Some of the biggest projects in crypto seem like they’re made for children

But the idea that childhood represents a realm of imaginative freedom outside economic processes is historically contingent. Modern institutions insulate children from the direct pressures of the capitalist marketplace only to discipline them in readiness for it. “A child,” wrote Benjamin, “is no Robinson Crusoe … they belong to the nation and the class they come from.” To the extent that childhood is a “precapitalist” space outside the market, it inevitably becomes the target of capital’s search for new sources of accumulation. Hence what some academics have called the “children’s culture industry”: a global network of media and toy conglomerates whose business is to find new ways to commodify kids’ creativity and sell it back to them.

The emergence of this culture industry in the late 1970s and early ’80s heralded a shift in how children’s toys were produced and sold. Big toy manufacturers began to move away from generic play objects like blocks, dolls, and train sets and toward what sociologist Beryl Langer calls “commoditoys”: branded items from an extended universe of products and content. Franchises create a space in which the object of the child’s fantasy is immediately available to them as an item to be purchased and possessed.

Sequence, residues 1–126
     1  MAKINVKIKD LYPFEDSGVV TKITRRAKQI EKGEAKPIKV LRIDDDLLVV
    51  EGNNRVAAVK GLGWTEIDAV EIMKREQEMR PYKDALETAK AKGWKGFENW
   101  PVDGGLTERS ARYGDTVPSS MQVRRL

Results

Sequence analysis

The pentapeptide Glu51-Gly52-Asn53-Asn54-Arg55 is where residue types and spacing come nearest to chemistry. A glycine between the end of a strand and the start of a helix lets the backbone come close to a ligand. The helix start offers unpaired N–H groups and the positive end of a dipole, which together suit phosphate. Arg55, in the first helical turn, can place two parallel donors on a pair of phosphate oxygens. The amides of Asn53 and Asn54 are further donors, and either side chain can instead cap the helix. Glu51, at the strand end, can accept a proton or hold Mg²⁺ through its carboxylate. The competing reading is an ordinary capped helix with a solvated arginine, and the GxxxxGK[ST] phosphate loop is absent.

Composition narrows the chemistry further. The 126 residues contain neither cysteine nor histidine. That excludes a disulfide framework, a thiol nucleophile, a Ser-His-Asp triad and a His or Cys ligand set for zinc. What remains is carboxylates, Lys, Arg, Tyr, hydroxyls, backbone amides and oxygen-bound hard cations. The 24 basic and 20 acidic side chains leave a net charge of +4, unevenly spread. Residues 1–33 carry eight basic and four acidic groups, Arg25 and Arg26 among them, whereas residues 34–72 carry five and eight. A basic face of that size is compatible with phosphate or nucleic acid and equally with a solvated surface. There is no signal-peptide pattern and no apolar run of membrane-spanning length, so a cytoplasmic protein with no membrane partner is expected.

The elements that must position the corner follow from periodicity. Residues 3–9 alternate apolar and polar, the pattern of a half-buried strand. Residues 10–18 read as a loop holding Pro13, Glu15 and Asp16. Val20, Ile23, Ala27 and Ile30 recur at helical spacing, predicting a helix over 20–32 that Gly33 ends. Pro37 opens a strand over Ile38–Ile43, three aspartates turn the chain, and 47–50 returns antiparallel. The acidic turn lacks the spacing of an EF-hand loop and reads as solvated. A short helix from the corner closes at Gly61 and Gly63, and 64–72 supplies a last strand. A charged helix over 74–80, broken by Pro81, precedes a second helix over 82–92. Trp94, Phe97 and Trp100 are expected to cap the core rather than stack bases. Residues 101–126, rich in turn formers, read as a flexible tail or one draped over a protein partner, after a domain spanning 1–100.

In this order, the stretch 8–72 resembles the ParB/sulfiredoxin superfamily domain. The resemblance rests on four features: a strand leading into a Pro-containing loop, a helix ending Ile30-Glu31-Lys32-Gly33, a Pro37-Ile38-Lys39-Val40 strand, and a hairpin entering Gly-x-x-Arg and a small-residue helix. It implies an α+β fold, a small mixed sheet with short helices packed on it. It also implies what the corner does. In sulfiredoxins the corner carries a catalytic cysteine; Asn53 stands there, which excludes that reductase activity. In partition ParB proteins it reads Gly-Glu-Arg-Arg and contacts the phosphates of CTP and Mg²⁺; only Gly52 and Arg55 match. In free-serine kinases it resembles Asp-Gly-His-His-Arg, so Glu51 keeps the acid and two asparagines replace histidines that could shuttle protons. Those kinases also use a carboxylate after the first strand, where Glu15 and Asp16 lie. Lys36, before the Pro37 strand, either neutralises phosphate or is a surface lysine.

The Star Wars series is perhaps the paradigmatic instance of this new phenomenon, with its 1970s action figures and novelizations presaging the constant deluge of derivative content seen today. For increasingly consolidated entertainment corporations, this strategy is a bonanza, allowing them to republish the same intellectual property across multiple formats. After the Reagan administration loosened FCC regulation of commercials during children’s programming, there was a huge increase in shows where the protagonists were themselves toys, available for purchase at all good retailers. This gave us Transformers, G.I. Joe, He-Man, and a cornucopia of other IPs that will now presumably be constantly recycled until the sun explodes. Between 1982 and 1994, Hasbro produced more than 750 G.I. Joe toys, many hundreds of which featured in the accompanying animated serial.